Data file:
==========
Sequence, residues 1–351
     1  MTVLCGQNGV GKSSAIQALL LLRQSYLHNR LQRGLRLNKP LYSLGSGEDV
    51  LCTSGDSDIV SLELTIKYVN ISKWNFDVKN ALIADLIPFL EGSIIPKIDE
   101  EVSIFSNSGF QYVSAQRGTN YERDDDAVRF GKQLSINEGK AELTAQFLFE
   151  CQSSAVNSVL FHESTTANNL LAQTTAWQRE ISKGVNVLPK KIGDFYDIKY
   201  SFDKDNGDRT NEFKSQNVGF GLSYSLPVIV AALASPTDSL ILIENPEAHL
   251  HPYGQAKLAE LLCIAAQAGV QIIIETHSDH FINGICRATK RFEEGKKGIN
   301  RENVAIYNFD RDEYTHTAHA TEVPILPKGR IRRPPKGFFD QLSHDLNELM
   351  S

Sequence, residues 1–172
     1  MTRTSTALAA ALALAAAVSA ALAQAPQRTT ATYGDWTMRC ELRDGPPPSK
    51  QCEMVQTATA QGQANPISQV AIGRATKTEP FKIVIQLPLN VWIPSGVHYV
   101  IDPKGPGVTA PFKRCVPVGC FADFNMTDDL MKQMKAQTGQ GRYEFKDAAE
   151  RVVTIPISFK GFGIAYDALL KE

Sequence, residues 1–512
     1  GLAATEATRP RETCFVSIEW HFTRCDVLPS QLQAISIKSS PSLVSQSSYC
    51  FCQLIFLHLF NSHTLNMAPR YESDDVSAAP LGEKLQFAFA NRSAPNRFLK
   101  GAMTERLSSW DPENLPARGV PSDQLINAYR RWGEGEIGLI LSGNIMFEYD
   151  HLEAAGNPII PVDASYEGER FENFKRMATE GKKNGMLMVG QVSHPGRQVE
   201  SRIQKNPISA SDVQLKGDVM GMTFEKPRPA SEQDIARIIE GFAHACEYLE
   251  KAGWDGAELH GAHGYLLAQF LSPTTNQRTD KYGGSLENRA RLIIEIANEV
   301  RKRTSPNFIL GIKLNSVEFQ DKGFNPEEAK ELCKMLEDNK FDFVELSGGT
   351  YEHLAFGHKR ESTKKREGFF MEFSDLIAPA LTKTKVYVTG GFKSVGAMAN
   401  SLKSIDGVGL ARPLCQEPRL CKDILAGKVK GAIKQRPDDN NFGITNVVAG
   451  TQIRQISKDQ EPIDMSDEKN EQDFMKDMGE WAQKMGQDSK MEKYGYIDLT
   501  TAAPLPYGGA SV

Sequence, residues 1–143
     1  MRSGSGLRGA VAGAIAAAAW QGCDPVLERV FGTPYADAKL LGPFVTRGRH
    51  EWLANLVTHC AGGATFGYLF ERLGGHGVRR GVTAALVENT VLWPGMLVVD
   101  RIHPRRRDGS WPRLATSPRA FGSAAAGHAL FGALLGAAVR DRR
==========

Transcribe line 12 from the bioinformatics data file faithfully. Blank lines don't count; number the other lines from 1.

    51  QCEMVQTATA QGQANPISQV AIGRATKTEP FKIVIQLPLN VWIPSGVHYV